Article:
A characteristic feature of the LPR is the recruitment of inflammatory cells particularly eosinophils, as well as CD4+ Th2 cells, mononuclear cells, and basophils. These inflammatory cells recruited from the circulation release cytokines and proinflammatory mediators. The profile of cytokines released during the LPR is characterized by the expression of Th2 cytokines (IL-4, IL-5, IL-9, IL-13) rather than Th1 cytokines [interferon-γ (IFN-γ, IL-12)]. Corticosteroids have an inhibitory effect on the LPR and also reduce the number of cells expressing IL-4 mRNA and IL-5 mRNA, and the number of eosinophils.

EPR and LPR in the lung
Inhalation of allergen by sensitized individuals results in an early phase response with airway narrowing which develops within 10–15 minutes, reaches a maximum within 30 minutes, and generally resolves within 1–3 hours response. The main clinical manifestation of the early phase response is dyspnea, chest tightness, wheezing, and cough. In some of these subjects, a late phase response occurs after 3–4 hours and reaches a maximum at 6–12 hours ( Fig. 1.31 ). The mechanism of bronchoconstriction is complex and results from a combination of bronchial smooth muscle contraction, increased vascular permeability leading to oedema, and increased airway mucus production. Histamine, PGD 2 , and CysLTs all have the ability to contract human bronchial smooth muscle. In addition to causing bronchoconstriction, histamine and the CysLTs can increase vascular permeability and stimulate mucus production. The LPR in the lung is associated with significant recruitment of eosinophils. Anti-IgE inhibits both the EPR as well as the LPR response in the lung. Interestingly, anti-IL-5 does not significantly inhibit the LPR response to allergen challenge.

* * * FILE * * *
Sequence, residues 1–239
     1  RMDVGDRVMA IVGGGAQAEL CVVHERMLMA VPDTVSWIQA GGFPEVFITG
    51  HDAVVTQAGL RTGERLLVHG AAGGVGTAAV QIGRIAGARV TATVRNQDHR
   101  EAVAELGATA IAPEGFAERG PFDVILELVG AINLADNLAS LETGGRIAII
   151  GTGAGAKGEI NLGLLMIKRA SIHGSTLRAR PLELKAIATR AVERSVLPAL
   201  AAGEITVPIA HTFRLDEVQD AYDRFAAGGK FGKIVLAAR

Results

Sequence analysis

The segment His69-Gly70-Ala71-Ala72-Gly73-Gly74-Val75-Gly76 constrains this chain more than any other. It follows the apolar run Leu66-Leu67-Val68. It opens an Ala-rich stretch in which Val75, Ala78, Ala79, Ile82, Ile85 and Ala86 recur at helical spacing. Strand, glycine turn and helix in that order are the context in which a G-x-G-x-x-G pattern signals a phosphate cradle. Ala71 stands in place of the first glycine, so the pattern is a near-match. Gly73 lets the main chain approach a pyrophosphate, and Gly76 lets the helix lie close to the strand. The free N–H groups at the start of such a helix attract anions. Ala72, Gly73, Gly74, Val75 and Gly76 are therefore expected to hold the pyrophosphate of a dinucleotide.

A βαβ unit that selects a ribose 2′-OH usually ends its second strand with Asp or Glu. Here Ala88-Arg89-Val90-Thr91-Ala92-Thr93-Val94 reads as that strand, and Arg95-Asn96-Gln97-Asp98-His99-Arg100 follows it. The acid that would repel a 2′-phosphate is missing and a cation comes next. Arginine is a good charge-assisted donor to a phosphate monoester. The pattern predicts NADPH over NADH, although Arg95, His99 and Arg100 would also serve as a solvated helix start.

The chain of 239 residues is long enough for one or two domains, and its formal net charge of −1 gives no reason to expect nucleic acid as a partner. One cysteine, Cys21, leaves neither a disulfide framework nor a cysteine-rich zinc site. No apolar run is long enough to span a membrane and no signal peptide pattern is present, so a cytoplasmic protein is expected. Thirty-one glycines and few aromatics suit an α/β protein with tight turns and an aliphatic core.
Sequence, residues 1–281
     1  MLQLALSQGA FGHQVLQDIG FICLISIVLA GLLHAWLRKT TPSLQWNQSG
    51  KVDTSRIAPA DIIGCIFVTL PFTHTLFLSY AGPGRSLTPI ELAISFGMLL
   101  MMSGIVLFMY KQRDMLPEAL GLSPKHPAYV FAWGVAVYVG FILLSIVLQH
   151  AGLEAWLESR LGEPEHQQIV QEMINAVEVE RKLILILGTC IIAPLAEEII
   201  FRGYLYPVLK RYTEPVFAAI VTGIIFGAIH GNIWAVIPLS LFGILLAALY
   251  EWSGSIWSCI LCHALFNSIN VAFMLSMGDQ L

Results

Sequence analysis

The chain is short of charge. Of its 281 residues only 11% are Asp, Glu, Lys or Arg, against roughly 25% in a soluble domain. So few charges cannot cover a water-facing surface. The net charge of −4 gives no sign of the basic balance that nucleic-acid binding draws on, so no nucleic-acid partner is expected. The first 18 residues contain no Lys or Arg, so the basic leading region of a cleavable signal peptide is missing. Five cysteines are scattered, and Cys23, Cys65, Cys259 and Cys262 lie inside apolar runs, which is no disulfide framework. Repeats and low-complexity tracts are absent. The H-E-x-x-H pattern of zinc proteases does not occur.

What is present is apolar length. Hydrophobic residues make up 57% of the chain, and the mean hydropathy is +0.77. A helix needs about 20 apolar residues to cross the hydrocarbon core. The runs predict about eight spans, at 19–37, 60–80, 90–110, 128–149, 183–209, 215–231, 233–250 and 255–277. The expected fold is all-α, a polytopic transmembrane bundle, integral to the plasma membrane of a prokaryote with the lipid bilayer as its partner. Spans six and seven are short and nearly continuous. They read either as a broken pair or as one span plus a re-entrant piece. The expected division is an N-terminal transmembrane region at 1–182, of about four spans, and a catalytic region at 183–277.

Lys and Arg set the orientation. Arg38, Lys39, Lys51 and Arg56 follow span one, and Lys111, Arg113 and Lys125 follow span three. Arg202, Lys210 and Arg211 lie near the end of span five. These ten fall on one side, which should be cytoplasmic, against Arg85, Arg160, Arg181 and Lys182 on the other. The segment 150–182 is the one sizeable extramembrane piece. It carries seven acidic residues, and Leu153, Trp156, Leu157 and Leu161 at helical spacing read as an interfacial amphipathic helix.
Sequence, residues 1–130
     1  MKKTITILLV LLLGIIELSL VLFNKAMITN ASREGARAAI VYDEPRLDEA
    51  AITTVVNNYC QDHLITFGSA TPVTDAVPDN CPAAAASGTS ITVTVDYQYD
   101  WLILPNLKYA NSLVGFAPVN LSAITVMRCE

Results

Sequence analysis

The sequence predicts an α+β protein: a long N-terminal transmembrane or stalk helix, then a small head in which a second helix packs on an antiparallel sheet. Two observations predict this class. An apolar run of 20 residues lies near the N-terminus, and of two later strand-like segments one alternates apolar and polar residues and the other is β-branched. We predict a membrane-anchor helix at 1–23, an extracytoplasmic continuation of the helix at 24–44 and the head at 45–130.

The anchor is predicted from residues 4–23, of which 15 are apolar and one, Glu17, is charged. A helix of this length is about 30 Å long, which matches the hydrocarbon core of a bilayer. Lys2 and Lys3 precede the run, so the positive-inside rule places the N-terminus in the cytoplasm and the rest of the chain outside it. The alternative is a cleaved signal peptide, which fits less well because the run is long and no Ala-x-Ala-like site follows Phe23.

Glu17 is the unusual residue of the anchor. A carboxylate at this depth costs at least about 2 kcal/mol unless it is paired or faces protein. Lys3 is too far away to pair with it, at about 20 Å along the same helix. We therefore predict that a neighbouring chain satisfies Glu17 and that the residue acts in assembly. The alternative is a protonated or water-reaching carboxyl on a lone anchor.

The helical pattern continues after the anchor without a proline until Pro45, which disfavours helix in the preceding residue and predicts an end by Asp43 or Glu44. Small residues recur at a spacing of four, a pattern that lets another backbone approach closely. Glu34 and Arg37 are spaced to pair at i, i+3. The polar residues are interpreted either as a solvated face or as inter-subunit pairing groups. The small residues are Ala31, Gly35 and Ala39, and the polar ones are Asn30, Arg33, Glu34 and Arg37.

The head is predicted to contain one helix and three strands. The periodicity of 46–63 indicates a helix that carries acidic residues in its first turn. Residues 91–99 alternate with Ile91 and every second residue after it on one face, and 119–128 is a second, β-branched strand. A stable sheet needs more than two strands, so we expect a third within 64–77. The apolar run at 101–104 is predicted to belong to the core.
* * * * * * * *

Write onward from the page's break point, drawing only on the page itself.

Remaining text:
Fig. 1.31 Early and late phase responses in asthma. The asthmatic response to allergen inhalation challenge with house dust mite allergen (green line) and diluent control (red line), demonstrating both an early and a late phase allergic response. FEV 1 , forced expiratory volume in 1 second.

EPR and LPR in the nose
In the nose, topical allergen challenge of sensitized individuals causes immediate nasal reactions involving itching, sneezing, congestion, and watery discharges. The early response usually abates within 1–3 hours. In contrast to the dual allergic response in the lower airways, distinct late phase responses are not common in the nose although low-grade nasal inflammation and symptoms may continue well beyond the first 3 hours after challenge with large amounts of allergen. Furthermore, nasal allergen challenge has a ‘priming’ effect, with the nasal mucosa exhibiting an increased responsiveness to histamine or to a second allergen challenge on the day after the initial challenge. Rhinorrhoea, caused by a combination of local vasodilatation and mucous gland stimulation, is largely histamine mediated, thus explaining the effectiveness of antihistamines in treating these symptoms. As most of the early phase obstruction to airflow in the upper airways is reversed by α-adrenergic receptor vasoconstrictor drugs, this suggests that acute filling of venous sinuses rather than tissue oedema is responsible for nasal blockage. Nasal congestion is poorly inhibited by antihistamines, suggesting that mediators other than histamine are playing a more prominent role.